Congratulations on your new creation.
You have pointed out your impression that a cut frame is inherently
stronger and safer than a welded one, and that Lee might have
designed his differently, had the technology been available to him.
I’d like to correct these assumptions, and point out a few other
areas of safety concerns that our frames have been engineered to
You stated “I’m sure Lee would have designed his press differently
had they had the CNC laser equipment available to him when he
Actually we had laser cutters here in New Mexico back in the mid
80’s. I believe the first laser cutters were developed in the late
60’s. Lee did in fact have laser cutters available to him. He chose
not to go this route for several other design and engineering
The Bonny Doon Presses are designed with several criteria including
cost and value. One very important factor in its design is Safety.
The Bonny Doon press has been fully destruction tested with a 100
ton ram. No welds broke and none of the welds showed signs of stress.
All the welds were designed by a certified welder and mechanical
engineer to be shear welds. Shear welds are inherently much stronger
than tensile welds. With a 5X safety factor (20 ton rating/100 ton
safe) I can easily claim a very safe press. All certified welders
understand heat affected zones or HAZ, and know how to minimize its
affects. Welding is used extensively in buildings, bridges, aircraft,
and our cars. You should also know that laser cutting induces the
very same HAZ in the metal. My point is that any technique of
construction will have its pros and cons. The job of good design and
engineering is to take into account all of the material constraints
and all of the desired criteria and blend them into the ideal piece.
Welding is a great method of producing a quality press with
tremendous strength. We at Bonny Doon know that we have created the
very best design using the very best techniques and materials for our
stated design criteria. And after 20+ years it’s still only $995
which includes the very best obtainable hydraulic jack which is
forged rather than cast.
An important and serious safety concern was the return springs. We
are able to use large return springs in the BD press because they are
fully contained inside the upright columns.
Exposed springs are a very real safety concern. A good example of
this can be seen with the garage door manufacturing industry. Over
the last 40 years there has been a steady migration away from the old
pivot type garage door which relied on large exposed springs. After
several injuries and many liability claims most door manufacturers
are now making the roll-up type door. Several nationwide hardware
stores no longer sell the old style garage door springs due to
liability issues because the users are fully exposed to harm when a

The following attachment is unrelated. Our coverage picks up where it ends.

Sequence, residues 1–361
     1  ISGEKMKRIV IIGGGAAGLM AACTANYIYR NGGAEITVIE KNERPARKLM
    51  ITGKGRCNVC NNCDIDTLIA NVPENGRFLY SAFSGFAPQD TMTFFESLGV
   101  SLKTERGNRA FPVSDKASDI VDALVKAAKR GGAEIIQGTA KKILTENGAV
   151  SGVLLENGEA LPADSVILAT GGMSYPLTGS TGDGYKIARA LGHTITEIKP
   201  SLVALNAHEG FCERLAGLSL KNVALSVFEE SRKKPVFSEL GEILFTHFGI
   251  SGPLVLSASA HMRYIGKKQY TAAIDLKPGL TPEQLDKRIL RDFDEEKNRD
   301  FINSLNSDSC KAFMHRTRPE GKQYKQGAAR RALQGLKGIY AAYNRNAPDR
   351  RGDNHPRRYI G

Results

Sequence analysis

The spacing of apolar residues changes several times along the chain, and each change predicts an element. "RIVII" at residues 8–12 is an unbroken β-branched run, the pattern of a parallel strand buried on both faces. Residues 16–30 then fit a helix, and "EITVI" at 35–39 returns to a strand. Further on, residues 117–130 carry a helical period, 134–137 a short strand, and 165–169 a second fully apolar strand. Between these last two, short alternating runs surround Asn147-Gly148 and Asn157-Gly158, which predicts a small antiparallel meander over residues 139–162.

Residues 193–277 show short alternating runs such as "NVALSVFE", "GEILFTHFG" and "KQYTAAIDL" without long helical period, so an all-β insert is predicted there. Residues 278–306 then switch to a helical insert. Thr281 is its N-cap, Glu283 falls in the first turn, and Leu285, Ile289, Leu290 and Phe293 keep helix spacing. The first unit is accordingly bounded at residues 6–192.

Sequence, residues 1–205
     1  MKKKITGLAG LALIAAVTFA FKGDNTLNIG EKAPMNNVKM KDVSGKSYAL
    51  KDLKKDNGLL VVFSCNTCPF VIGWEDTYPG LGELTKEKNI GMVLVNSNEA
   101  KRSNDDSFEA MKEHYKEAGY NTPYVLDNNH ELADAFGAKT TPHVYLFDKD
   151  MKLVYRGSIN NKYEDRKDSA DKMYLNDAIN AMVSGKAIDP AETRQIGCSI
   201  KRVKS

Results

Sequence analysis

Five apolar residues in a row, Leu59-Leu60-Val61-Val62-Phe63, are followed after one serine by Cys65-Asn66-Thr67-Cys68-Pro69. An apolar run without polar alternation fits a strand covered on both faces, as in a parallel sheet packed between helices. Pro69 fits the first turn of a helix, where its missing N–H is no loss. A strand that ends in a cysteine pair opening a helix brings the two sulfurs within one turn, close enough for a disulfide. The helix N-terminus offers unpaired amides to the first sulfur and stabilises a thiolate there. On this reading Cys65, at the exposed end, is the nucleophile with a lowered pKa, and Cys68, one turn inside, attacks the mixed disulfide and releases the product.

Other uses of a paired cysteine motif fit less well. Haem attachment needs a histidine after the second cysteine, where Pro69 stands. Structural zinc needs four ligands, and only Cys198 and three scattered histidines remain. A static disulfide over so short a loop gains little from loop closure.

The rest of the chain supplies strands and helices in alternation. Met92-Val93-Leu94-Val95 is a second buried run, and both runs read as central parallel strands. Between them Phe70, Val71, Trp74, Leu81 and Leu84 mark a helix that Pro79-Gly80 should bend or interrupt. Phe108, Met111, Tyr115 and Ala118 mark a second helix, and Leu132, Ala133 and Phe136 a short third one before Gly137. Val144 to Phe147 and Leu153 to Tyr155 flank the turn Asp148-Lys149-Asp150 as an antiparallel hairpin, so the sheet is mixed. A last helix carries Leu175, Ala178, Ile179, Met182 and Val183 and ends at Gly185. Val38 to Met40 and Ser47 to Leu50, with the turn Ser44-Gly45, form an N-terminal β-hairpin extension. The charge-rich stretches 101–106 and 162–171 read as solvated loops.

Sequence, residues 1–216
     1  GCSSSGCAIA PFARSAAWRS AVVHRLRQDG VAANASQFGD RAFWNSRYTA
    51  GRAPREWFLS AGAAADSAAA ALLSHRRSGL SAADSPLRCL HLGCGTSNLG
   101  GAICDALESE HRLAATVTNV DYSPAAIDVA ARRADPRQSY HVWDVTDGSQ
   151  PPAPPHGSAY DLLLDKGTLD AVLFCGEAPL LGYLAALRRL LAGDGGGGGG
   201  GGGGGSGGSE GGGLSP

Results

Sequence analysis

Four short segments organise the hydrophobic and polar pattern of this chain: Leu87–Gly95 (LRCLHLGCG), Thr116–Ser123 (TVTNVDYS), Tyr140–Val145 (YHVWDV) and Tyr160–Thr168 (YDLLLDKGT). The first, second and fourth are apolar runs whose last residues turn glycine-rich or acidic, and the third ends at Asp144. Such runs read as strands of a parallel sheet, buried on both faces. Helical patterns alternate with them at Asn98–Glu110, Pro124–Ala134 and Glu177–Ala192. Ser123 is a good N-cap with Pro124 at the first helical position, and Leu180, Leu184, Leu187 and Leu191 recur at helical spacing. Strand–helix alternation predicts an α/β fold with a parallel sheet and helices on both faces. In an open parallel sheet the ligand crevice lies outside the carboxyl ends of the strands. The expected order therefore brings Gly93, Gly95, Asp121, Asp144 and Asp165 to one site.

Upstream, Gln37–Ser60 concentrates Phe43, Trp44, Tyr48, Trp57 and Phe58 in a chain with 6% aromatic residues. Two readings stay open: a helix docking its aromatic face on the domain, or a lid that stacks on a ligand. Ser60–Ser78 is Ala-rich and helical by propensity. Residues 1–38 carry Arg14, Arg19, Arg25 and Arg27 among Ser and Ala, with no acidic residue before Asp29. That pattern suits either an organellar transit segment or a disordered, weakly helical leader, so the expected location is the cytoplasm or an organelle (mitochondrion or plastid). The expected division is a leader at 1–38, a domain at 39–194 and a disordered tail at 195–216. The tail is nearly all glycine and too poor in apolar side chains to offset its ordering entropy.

spring fails. Most manufacturers of exposed springs now include an
internal safety cable or a cover to help catch flying debris when a
spring does fail. An additional benefit of using larger springs is
that the ram returns faster which translates into faster cycle times,
allowing the user to do more in a given amount of time.
For safety reasons the ram in the BD press is oriented with its
handle to the side. This places a steel column between the operator
and the parts being pressed.
Gauges are always provided with the Bonny Doon press, another safety
design criteria. Gauges allow the operator to do most operations
inside a container such as a formbox without the need for visual
exposure. Without gauges one must rely on visual clues, or attempt to
"count the strokes".
The tip-over platen is another safety design. We did test several
methods such as the one you use to keep the platen from tipping
over. Unfortunately this can create a group of events to cause a
catastrophic failure. Anytime the workpiece is off center in any type
of press there is a danger. With the lower platen locked into the
uprights any failures will take place at much higher pressures. With
the tip-over platen the ram and/or workpiece simply tilts out of the
press frame at much lower pressure. Centering the workpiece is a
safety issue professionals are trained to fully understand when
qualifying to use any industrial press. In its simplest form you can
observe what happens when using a hammer off center. How many people
have struck their stamp with a hammer off axis only to have it fly
across the room.
Lee Marshall now has almost 60 years of engineering experience in
machine design including time working with National Can and Coors.
Lee holds several patents for press tooling and assemblies. All his
years of experience were brought into the first Boony Doon press in
1990. We have made slight updates over the last few years, but it is
still the best design that includes all of the design criteria of
Safety, speed, rigidity, accuracy, low cost, longevity, and 22 years
of time proven production and support.
There are lots of hydraulic presses on the market, one can go to
Harbor Freight and buy a shop press for under $200. You could also
buy a 20 ton industrial press for well over $10,000.
As always, I recommend to the serious jeweler or metalsmith when
pondering the purchase of a hydraulic press, or any tool, do the
research, define exactly what you need, plan for the future, and buy
once, buy well. Or if you chose to make your own press have a
certified welder do the work.
And when using a press, no matter what type or style, remember the 5
C’s, Consult, Cover, Center, Contain, Column. That is, Consult your
notes and your colleagues, Cover your face with protective gear,
Center the work in the press, Contain the work if possible, and
utilize the Column for safety.